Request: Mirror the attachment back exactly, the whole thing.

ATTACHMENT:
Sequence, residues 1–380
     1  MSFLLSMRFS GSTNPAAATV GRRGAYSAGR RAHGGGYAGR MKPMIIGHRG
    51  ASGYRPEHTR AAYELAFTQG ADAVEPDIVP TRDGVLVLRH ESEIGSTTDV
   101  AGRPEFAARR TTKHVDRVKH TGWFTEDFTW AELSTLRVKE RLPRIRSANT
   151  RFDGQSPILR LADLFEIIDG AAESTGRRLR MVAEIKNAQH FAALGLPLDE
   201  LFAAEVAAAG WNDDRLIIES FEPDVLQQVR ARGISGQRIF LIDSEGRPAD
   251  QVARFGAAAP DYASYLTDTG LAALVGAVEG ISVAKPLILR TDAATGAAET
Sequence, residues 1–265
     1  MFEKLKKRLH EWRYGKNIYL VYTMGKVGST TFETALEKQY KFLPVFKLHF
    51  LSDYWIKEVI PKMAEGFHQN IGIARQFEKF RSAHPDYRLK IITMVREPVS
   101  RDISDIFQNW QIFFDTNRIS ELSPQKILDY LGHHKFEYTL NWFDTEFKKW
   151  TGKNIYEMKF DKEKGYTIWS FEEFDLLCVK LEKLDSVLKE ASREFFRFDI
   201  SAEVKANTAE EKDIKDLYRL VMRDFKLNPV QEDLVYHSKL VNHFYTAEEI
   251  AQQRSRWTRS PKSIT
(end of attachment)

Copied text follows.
Sequence, residues 1–380
     1  MSFLLSMRFS GSTNPAAATV GRRGAYSAGR RAHGGGYAGR MKPMIIGHRG
    51  ASGYRPEHTR AAYELAFTQG ADAVEPDIVP TRDGVLVLRH ESEIGSTTDV
   101  AGRPEFAARR TTKHVDRVKH TGWFTEDFTW AELSTLRVKE RLPRIRSANT
   151  RFDGQSPILR LADLFEIIDG AAESTGRRLR MVAEIKNAQH FAALGLPLDE
   201  LFAAEVAAAG WNDDRLIIES FEPDVLQQVR ARGISGQRIF LIDSEGRPAD
   251  QVARFGAAAP DYASYLTDTG LAALVGAVEG ISVAKPLILR TDAATGAAET
Sequence, residues 1–265
     1  MFEKLKKRLH EWRYGKNIYL VYTMGKVGST TFETALEKQY KFLPVFKLHF
    51  LSDYWIKEVI PKMAEGFHQN IGIARQFEKF RSAHPDYRLK IITMVREPVS
   101  RDISDIFQNW QIFFDTNRIS ELSPQKILDY LGHHKFEYTL NWFDTEFKKW
   151  TGKNIYEMKF DKEKGYTIWS FEEFDLLCVK LEKLDSVLKE ASREFFRFDI
   201  SAEVKANTAE EKDIKDLYRL VMRDFKLNPV QEDLVYHSKL VNHFYTAEEI
   251  AQQRSRWTRS PKSIT